We want corroboration we are going in the “right” direction. I find myself wanting some kind of “sign” that my particular effort or situation will pay off before I go too far down a certain track. More so I seek confirmations when I’m headed into some uncertain or unknown project that has potential to disrupt or change my life. I don’t see this as wrong, silly, or stupid. I think it’s how we seek the answers or confirmations that is a very thin line between being experimentally smart or being gullible and superstitious.

    Much of our lives seems to be trying to find meaning or to see the pattern in randomness. The more unknown our venture the more we grope in the dark for something to hold onto. Gods, wooden sticks, and stock brokers where created to help us. Selecting the “right” answers out of the noise. It can keep us striving and kill us at the same time. The Drunkard’s Walk: How Randomness Rules Our Lives by L Melodinow is a fascinating read. I’d be interested in your perspective on randomness.

    Great topic and post. Thanks

  2. @ Scott:
    My main point of this post was showing two theories to explain the possible usefulness of divination. What did you think of those?

    Concerning your question “I’d be interested in your perspective on randomness.” That questions need to be much more specific. “Randomness” is a huge mathematical concept (See Wolfram’s “A New Kind of Science“), yet alone a word thrown around in the non-math world (lay uses). Anyway, for now, let’s stick to the two theories I discussed about divination.

  3. PS, Scott: for some fun videos on “Randomness” I watched these today.

  4. I meant… getting your perspective on “randomness” as a topic for future posts or discussions, if you were interested. I’ll check out the video.

    Anyway, I think reason and intuition (or creative insight) need not be either/or process. Both reason and intuition are “played” when we make decisions. Superstitious methods, or divinations, flipping coins or sticks, usually are games that have some rational rules or parameters for “play”. It’s just that we confine our decisions within those game rules and/or let the outcome of the game inform our decision-making.

    You’ve pointed out some intriguing problems with human nature and reason. It may be a cliche’, but- monkeys throwing darts at a target are supposedly as good at picking stocks as humans (on average over time). Maybe human pride makes us think we are better at creating outcomes than we really are? Yet, I don’t see any non-human animals creating smart phones or designing mile long suspension bridges.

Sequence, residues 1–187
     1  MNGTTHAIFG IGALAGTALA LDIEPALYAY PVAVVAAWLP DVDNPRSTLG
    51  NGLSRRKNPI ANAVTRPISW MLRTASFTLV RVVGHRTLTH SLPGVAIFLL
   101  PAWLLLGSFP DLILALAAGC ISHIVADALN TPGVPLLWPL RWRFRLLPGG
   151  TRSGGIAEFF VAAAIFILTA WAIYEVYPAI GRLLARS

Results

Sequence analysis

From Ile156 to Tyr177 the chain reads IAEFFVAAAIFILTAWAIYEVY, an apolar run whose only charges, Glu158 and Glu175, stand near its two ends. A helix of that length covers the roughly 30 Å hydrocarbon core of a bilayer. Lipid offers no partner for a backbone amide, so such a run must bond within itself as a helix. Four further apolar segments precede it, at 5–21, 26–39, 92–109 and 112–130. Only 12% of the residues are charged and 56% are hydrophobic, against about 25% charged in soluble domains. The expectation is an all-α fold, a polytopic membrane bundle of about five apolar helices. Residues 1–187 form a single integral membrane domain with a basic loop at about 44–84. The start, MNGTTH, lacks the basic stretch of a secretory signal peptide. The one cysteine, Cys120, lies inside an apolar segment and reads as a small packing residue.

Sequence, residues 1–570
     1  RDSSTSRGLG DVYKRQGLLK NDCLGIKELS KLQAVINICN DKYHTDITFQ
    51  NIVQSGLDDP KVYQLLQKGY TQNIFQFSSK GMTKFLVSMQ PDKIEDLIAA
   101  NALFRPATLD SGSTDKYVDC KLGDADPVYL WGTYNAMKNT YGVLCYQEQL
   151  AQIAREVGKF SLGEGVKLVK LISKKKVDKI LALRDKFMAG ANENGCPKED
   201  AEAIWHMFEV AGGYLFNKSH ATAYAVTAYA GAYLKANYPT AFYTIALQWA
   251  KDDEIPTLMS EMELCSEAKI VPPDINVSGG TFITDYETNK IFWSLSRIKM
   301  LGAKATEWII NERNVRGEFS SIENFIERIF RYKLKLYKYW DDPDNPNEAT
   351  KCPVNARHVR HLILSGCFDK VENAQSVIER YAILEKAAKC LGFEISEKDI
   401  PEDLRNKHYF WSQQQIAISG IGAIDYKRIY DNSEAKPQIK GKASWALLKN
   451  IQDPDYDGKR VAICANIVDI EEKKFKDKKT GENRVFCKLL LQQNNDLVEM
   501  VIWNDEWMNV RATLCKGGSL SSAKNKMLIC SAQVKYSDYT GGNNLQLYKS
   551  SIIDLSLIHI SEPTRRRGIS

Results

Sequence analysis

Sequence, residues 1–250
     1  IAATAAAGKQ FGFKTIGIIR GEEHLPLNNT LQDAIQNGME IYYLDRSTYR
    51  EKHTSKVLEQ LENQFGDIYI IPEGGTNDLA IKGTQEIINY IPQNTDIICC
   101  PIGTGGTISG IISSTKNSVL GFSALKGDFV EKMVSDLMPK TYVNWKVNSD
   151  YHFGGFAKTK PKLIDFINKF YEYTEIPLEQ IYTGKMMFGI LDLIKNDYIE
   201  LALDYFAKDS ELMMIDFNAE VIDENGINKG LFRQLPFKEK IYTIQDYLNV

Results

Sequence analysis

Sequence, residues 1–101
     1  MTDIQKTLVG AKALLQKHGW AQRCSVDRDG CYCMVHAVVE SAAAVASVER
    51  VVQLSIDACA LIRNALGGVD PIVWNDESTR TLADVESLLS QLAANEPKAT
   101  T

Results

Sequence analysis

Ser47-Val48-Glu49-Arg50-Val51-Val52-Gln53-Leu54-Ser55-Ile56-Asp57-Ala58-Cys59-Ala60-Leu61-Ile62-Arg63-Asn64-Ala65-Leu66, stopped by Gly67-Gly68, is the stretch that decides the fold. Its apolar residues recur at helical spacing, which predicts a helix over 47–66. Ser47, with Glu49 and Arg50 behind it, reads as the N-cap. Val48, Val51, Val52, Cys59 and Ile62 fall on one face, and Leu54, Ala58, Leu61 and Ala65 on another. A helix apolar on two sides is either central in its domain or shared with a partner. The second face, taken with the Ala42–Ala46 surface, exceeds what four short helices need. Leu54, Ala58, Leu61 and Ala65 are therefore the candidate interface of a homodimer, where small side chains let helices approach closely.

5. Ah, I don’t think it is “pride” — just simple cognitive illusions.
    If you get a chance, go check this I-Ching link I had in the above OP and see what you think of my Tofu theory to explain potential benefits of some divination techniques inspite of their obvious superstitious side.

    Thanx, as always, for participating in the conversation.

  6. R Vogel

    I like both of these theories for different kinds of questions. As one who works in the investment world, I recognize the inherent limits of a rational approach and I see the results in the investment world where they invent divination techniques of their own: January effect, Technical Analysis, Low Beta, Dogs of the Dow – it’s all hokum, but you have to make a decision somehow! The great thing about human beings is once we get the answer, we are hard wired to create a rationale for it!

    The other is in some ways more interesting to me. When looking for inspiration, reading religious text straight through is probably not the best thing. Our minds are going to try and create some sort of order out of the chaos and lead us to bad places (I’m looking at you, Ken Ham!). Creating the dissonance of reading text out of context allows the mind to open up, create exegesis, and build new ways of looking at things. The out of context bits becomes a kind of poetry – like that old game Exquisite Corpse.

  7. @R Vogel,
    Great examples — thanx. I totally agree.

  8. Earnest

    A need for a yes or no answer is sometimes a sign of enmeshment in fear of the future. If the future is bright and cheerful, there is usually no need for divination.